Monday, December 6, 2010

The BS of the BCS

Now that the College Football regular season is over and the final Bowl Championship Series (BCS) standings have been revealed with all of the bowl game matchups, still everything is a mess.

While most people wouldn't dispute the National Title Game matchup between the two teams considered the best in Division I football, Oregon and Auburn, the rest of the matchups are bit head scratching.

Lets start with the Big East Conference Champion Connecticut facing Oklahoma (the Big 12 Champion) in the Fiesta Bowl. Some people may look at this as a "David versus Goliath" matchup, when in reality it more so resembles car race between a Minivan and a Corvette (Connecticut is the Minivan and Oklahoma being the Corvette). Connecticut won the Big East Championship because they won two close games against West Virgina and Pittsburgh, then finished the season with the best in-conference record. But they did not finish with the best overall record in the Big East (West Virgina finished the season at 9-3; Connecticut finished 8-4). West Virgina lost their three games by 6 or less points, one of those losses being to SEC powerhouse LSU. On the other hand, Connecticut lost three of their four games by 14 or more points, one of those losses being a 26-0 shutout against a Louisville team that finished the season 6-6.

There is no Big East Football Championship game, so the conference champion was awarded to Connecticut because they held the tie breaker over West Virgina since they beat them earlier in the season. As a result, Connecticut will face a Oklahoma team that is ranked 7th overall by the BCS college football rankings and has possibly four players on their offense that could be picked in the first round of the NFL draft. But because there is a rule that states that the Champion of the Big East gets an automatic berth in a major Bowl Game, Connecticut gets the opportunity to be overmatched against a very talented Oklahoma team.

Another conference that has thrown out a mess onto the college football landscape is the Big Ten. Three schools ended the season as co-Conference Champions: Wisconson, Ohio State, and Michigan State. Again, they have no conference championship game. All three schools finished with the same 11-1 overall record and the same 7-1 in-conference record. According to the BCS rules, the team that finished with the highest ranking in the final standings will get a trip to the Rose Bowl and the team with the second highest rank from the Big Ten can get an automatic berth into another major Bowl game. So Wisconson will play TCU in the Rose Bowl, Ohio State will play Arkansas in the Sugar Bowl and Michigan State gets left out of a major bowl, being selected to play Alabama in the Capital One Bowl.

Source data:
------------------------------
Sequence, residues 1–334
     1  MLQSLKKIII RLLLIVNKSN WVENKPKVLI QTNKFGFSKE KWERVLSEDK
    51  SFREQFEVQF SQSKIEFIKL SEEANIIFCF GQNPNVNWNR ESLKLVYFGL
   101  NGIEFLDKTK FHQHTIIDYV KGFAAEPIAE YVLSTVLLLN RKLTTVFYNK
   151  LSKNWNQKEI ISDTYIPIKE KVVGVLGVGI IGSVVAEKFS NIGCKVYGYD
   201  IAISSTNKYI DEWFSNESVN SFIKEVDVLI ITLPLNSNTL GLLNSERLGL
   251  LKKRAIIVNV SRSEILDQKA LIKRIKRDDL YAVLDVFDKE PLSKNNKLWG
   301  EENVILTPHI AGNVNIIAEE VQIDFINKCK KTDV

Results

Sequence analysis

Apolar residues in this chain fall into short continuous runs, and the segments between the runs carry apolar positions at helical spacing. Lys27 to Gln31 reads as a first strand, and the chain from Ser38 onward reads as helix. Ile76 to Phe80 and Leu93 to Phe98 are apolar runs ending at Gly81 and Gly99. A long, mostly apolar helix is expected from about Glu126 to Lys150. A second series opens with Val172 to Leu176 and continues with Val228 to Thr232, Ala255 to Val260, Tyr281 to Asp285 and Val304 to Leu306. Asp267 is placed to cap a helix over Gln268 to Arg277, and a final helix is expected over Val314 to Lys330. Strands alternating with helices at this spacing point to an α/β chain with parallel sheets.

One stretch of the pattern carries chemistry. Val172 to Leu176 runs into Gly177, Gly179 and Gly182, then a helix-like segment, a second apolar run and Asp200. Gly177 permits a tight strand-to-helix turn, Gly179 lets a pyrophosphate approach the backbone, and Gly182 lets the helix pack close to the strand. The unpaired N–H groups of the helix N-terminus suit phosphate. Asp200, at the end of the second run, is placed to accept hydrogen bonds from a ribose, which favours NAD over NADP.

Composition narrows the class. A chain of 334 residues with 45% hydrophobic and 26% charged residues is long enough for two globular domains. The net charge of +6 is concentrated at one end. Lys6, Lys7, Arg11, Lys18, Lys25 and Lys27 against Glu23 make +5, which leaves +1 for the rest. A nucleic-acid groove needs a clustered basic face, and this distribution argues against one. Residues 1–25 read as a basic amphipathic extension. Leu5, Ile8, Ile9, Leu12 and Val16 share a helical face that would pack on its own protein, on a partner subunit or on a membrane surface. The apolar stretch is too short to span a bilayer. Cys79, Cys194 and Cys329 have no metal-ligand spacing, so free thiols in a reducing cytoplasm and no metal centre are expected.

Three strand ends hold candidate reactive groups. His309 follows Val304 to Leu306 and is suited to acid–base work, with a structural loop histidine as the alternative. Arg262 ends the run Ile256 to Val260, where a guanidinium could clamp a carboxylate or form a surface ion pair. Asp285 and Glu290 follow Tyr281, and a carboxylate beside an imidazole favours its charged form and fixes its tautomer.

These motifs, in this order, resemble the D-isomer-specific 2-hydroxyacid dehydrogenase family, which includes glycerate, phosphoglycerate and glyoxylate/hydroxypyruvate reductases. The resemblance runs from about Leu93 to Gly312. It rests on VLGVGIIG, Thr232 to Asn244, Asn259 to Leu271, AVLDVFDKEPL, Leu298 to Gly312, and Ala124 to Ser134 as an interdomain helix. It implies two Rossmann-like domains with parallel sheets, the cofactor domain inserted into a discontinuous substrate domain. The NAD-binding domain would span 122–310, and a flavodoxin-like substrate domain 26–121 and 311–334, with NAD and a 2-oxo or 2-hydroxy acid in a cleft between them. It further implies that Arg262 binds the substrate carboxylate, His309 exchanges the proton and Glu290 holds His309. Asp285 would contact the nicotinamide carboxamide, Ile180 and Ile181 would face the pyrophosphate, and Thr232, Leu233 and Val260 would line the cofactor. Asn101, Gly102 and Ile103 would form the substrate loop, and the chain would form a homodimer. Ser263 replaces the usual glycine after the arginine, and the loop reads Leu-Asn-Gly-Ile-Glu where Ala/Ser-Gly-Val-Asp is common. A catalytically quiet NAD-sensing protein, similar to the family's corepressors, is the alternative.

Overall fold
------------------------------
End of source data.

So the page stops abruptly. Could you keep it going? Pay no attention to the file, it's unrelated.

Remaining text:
And why was Wisconson and Ohio State ranked ahead of Michigan State? Beware, this gets complicated: Since Wisconson beat Ohio State and Iowa they get the highest ranking, even though Michigan State beat Wisconson they lost badly to Iowa who was beaten by Ohio State and since Michigan State didnt play Ohio State, the Michigan State Spartans get left out of the top 2 rankings of schools from the Big Ten conference. Confussed yet?

Dont worry, it gets better. The Orange Bowl will matchup the ACC Champion, Virgina Tech, against a top ranked non-conference champion, which according to the BCS is Stanford. The reason why Stanford is ranked 4th by the BCS is because their only loss was to Oregon, one of the two undefeated teams playing for the national title. Atleast this matchup is between two talented, high powered offenses and their isn't any great disparagement in talent or level of play during the season.

All of this chaos only accentuates the point that college football needs a playoff instead of this mess of bowl games that are selected matchups according to the computer results of the BCS. The BCS is basically a system that enables the universities and their conferences to make lots of money. Its not about the best matchups or the best teams playing for the title. Its not about the student-athletes, the fans, or what is fair. Its all about money. Although I love watching college football, I know that in the end, the BCS is just a bunch of BS!

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